19: We all had some Groovy Chick stationery/bubble bath/bedding/everything

20: Feeling really grown up reading this because it mentioned snogging and thongs on the front cover!

21. Owning a pair of these and not being able to wear them outside when it rained:

You may also like: 32 things I wish I could tell my 14-year-old self


How the strength of one family could help save thousands of others from the pain they are going through

Earlier this month I wrote how touched I had been by the story of a brave local woman who lost her battle with cervical cancer.

Emma Fisk was only 25 when she passed away earlier this year after a short battle with a rare form of cervical cancer.

I met her mum and step-mum at the end of August and was struck by their courage, their bravery and their determination to not let Emma's fight have been for nothing.  They are determined to make a change and stop other girls and their families going through this.  Determined to prevent other families experiencing the loss, the pain and the heartbreak that they have felt - and still feel today.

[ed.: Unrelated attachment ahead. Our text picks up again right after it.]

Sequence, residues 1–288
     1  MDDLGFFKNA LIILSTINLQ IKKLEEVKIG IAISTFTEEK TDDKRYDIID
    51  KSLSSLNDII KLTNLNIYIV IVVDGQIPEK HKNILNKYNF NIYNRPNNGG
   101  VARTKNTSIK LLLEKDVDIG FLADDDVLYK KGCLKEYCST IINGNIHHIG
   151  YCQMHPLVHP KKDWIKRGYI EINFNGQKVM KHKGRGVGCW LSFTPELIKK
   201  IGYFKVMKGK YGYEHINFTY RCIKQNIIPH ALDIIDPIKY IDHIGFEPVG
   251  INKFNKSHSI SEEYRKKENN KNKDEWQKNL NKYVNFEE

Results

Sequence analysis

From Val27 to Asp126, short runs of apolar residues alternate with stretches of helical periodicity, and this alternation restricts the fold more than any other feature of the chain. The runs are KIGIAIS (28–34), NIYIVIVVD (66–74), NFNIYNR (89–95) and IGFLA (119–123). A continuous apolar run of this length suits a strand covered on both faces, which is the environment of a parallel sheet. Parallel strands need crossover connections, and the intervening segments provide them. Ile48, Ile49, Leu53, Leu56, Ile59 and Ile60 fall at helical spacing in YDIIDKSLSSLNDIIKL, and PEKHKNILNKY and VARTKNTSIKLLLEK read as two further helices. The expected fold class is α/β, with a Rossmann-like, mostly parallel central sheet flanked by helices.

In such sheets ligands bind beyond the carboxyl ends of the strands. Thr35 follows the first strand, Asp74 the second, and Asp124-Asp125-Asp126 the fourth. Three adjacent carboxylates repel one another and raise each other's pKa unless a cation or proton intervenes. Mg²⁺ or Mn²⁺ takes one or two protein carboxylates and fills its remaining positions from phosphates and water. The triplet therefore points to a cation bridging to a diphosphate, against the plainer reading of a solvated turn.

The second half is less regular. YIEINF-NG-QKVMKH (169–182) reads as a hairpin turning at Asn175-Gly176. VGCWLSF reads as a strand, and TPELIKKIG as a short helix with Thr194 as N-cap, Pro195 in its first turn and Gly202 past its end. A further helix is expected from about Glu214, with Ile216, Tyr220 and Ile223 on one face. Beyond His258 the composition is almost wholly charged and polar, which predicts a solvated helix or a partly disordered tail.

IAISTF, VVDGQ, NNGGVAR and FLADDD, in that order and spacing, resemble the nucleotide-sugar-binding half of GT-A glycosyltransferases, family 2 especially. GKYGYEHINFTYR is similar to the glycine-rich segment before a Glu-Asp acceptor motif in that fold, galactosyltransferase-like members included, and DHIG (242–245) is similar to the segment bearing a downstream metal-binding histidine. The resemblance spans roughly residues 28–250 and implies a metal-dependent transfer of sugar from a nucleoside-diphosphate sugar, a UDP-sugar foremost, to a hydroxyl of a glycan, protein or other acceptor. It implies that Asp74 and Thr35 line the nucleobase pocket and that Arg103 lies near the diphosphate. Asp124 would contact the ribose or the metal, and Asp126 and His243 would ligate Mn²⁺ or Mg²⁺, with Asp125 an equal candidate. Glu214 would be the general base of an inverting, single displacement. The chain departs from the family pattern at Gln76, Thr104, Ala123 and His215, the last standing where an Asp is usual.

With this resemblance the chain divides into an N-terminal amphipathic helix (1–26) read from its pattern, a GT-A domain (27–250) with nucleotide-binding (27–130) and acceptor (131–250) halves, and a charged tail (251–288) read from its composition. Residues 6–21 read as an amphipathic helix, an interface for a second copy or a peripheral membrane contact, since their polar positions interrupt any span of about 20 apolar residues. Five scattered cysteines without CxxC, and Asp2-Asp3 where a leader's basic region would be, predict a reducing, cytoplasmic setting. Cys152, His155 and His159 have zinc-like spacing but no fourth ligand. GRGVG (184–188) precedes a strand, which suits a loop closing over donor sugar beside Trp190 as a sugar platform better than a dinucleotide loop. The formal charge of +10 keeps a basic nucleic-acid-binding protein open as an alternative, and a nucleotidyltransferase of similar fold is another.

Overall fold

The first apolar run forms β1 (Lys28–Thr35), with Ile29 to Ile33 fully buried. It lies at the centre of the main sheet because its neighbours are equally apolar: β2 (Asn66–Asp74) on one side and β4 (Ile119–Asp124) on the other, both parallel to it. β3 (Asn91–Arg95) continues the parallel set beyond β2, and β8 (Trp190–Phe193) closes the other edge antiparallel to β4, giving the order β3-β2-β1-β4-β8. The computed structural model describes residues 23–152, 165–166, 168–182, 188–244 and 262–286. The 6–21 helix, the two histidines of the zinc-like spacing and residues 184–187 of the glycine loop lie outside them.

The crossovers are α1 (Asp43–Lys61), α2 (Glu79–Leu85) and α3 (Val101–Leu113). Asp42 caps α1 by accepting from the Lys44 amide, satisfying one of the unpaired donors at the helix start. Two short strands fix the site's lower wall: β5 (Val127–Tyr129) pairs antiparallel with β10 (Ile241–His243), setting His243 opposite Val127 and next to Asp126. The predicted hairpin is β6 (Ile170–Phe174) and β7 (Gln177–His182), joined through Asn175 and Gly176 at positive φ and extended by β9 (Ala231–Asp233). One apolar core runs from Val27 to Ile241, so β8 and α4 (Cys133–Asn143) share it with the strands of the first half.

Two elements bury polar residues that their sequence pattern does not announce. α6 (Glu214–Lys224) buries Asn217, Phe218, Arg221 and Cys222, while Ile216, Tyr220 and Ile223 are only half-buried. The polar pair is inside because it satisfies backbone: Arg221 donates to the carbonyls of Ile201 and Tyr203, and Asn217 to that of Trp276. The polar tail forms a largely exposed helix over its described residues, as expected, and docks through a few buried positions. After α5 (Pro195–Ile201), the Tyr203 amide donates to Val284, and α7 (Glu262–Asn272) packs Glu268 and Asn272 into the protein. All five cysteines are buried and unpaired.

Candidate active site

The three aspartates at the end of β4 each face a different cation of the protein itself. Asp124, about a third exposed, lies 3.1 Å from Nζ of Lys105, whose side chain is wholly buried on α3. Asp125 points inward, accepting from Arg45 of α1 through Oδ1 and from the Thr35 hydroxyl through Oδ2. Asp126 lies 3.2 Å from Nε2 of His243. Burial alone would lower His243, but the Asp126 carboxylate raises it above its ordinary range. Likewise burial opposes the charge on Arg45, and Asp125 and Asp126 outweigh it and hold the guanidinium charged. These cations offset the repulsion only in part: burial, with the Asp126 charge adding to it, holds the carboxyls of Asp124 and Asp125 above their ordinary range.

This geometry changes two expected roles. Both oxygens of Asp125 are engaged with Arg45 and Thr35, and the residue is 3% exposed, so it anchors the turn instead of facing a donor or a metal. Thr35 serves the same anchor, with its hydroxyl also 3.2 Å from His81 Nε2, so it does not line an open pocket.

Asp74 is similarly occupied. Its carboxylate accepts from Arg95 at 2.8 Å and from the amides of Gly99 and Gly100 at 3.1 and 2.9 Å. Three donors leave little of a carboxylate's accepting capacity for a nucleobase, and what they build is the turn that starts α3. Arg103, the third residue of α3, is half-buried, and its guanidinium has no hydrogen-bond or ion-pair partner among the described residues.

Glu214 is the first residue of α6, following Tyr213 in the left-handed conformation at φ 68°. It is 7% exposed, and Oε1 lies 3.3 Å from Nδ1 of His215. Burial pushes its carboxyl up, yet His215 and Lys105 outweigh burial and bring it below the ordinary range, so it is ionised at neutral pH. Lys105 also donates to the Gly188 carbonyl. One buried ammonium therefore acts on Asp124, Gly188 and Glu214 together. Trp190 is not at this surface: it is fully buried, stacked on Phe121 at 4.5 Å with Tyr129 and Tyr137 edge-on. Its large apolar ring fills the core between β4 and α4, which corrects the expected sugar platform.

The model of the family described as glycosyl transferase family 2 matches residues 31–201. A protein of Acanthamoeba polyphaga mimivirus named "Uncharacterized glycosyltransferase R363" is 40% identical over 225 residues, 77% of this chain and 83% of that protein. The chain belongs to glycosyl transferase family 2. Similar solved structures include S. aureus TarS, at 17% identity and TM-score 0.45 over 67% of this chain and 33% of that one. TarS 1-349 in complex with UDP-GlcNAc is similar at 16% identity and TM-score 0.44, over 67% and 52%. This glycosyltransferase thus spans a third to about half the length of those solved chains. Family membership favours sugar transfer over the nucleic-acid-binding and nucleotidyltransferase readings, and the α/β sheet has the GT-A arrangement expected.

I've since met Emma's mum (Adele) and her step-mum (Ashley) again and was once again blown away by their strength.

It is clear that they miss Emma every single day and that nothing they ever do will bring her back.  But rather than feeling aggrieved they are putting all their love for Emma and their passion into fighting for change.  A change that could save the lives of thousands of other young women.

The Team Emma Campaign was catapulted onto the national stage earlier this month and people all around the world were joining Emma's family to try and make a change.

Adele, Ashley and the rest of Emma's loved ones are trying to reduce the age at which women can have a smear to 18-years-old.  Health professionals continually argue that lowering the age of smear tests would do more harm to young girls than good.  Emma's family understand this argument, but say that whilst abnormal cells can rectify themselves - cancer can't.  If cancerous cells are found during a smear test treatment can begin to treat those before it gets too late.